When Jesus was transfigured before Peter, James, and John, “His face shone like the sun, and His garments became as white as light” (Matthew 17:2). On the Damascus road, just before Jesus spoke to him, Saul of Tarsus was surrounded by “a light from heaven” (Acts 9:3), which he later explained was “brighter than the sun” (Acts 26:13). In John’s first vision on the Island of Patmos, he saw Christ’s face “like the sun shining in its strength” (Revelation 1:16). In his vision of the New Jerusalem, the future heavenly dwelling of all believers, he reports that “the city has no need of the sun or of the moon to shine upon it, for the glory of God has illumined it, and its lamp is the Lamb” (Revelation 21:23).
Both the Hebrew (kôkāb) and the Greek (astēr) words for star were also used figuratively to represent any great brilliance or radiance. Very early in the Old Testament the Messiah is spoken of as a “star [that] shall come forth from Jacob” (Numbers 24:17), and at the end of the New Testament He refers to Himself as “the bright morning star” (Revelation 22:16). It was surely the glory of God, blazing as if it were an extremely bright star – visible only to the eyes for whom it was intended to be seen – that appeared to the magi in the east and later guided them to Bethlehem. It was a brilliant manifestation of “the sign of the Son of Man” (see Matthew 24:29-30; Revelation 1:7). The Shekinah glory of God stood over Bethlehem just as, centuries before, it had stood over the Tabernacle in the wilderness. And just as the pillar of cloud gave light to Israel but darkness to Egypt (Exodus 14:20), only the eyes of the magi were opened to see God’s great light over Bethlehem.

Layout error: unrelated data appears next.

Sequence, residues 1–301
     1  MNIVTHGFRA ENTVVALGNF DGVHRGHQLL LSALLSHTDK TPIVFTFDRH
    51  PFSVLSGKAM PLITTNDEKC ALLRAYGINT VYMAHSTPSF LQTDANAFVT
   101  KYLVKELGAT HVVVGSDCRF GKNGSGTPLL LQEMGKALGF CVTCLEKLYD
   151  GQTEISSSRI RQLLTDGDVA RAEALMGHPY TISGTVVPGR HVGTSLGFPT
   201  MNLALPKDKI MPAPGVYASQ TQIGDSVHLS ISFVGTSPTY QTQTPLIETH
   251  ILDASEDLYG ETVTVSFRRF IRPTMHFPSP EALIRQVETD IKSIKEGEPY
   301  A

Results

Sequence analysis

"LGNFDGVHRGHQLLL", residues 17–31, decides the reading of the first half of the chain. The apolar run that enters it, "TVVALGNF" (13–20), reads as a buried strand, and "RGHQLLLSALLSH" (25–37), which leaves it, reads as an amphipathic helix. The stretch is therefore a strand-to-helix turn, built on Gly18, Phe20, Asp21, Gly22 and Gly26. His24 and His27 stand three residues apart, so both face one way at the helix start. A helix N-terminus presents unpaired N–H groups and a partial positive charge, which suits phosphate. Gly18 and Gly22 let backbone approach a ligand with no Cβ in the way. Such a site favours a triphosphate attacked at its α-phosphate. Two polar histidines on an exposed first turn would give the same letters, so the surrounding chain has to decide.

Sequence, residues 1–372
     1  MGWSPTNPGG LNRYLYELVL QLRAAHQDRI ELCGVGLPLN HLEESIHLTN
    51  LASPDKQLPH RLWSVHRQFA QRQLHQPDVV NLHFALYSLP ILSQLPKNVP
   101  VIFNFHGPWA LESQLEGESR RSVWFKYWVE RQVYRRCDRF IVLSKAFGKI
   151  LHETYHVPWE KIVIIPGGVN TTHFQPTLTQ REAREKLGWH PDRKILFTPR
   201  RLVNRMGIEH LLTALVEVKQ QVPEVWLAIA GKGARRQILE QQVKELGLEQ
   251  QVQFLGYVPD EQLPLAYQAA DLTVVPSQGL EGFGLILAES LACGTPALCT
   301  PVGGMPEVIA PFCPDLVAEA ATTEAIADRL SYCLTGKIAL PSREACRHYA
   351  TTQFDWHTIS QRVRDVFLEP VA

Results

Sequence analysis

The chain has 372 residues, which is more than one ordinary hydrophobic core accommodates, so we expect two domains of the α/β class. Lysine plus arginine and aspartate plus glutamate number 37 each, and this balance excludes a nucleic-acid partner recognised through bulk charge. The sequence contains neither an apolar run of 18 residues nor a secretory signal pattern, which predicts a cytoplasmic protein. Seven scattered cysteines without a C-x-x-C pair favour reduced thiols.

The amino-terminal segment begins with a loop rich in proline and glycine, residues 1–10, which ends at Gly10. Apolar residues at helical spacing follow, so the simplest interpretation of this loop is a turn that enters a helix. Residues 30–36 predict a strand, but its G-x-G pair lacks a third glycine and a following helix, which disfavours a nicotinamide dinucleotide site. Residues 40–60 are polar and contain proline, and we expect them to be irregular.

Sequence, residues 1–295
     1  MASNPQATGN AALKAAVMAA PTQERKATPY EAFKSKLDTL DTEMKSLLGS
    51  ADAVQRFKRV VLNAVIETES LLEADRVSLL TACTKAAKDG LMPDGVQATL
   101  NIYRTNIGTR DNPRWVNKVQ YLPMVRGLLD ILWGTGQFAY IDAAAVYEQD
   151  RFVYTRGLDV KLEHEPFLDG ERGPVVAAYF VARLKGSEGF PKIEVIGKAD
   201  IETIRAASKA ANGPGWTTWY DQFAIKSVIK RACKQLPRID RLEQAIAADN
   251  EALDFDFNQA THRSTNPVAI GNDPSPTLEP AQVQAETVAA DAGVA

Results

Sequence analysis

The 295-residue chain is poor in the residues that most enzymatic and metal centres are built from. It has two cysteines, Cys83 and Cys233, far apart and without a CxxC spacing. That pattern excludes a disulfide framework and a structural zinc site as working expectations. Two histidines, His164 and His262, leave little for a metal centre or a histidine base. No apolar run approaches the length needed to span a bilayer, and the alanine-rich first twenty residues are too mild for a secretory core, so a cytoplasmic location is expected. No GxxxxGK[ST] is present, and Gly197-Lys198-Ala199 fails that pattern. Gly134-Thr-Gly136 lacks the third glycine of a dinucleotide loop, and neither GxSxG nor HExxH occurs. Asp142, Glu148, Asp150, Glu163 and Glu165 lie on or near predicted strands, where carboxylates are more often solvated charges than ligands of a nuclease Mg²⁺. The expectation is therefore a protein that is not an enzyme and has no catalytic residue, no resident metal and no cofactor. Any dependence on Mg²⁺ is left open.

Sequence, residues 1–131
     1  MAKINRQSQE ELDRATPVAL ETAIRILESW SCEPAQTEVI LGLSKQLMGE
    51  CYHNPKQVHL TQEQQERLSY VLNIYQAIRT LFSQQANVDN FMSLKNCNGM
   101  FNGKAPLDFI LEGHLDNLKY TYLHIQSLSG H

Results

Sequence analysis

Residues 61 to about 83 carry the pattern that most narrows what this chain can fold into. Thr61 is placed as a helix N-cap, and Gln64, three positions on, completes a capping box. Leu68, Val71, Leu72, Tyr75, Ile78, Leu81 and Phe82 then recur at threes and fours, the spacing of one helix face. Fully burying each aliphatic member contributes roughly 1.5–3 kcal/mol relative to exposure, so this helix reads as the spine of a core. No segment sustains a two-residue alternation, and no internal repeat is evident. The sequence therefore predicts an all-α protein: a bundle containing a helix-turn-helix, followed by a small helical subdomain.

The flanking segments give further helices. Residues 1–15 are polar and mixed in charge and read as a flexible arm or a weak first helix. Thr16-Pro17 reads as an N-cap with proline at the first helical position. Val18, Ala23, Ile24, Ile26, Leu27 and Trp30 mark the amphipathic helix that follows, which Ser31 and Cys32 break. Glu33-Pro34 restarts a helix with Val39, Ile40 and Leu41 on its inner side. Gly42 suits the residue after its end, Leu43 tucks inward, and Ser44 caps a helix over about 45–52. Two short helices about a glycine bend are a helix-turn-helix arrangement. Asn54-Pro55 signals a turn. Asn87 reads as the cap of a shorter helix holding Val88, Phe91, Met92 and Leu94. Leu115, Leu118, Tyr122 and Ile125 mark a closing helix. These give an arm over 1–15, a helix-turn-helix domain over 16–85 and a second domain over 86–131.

That the magi were not following the star is clear from the fact that they had to inquire about where Jesus was born. They saw His star in the east, but there is no evidence that it continued to shine or that it led them to Jerusalem. It was not until they were told of the prophesied birthplace of the Messiah (Mathew 2:5-6) that the star reappeared and then guided them not only to Bethlehem but to the exact place “where the Child was” (v. 9).
These travelers from the east had come to Palestine with but one purpose: to find the One born King of the Jews and worship Him. The word worship is full of meaning, expressing the idea of falling down, prostrating oneself, and kissing the feet or the hem of the garment of the one honored. That truth in itself shows that they were true seekers after God, because when He spoke to them, in whatever way it was, they heard and responded. Despite their paganism, quasi-science, and superstition they recognized God’s voice when He spoke. Though having had limited spiritual light, they immediately recognized God’s light when it shone on them. They had genuinely seeking hearts, hearts that the Lord promises will never fail to find Him (Jeremiah 29:13).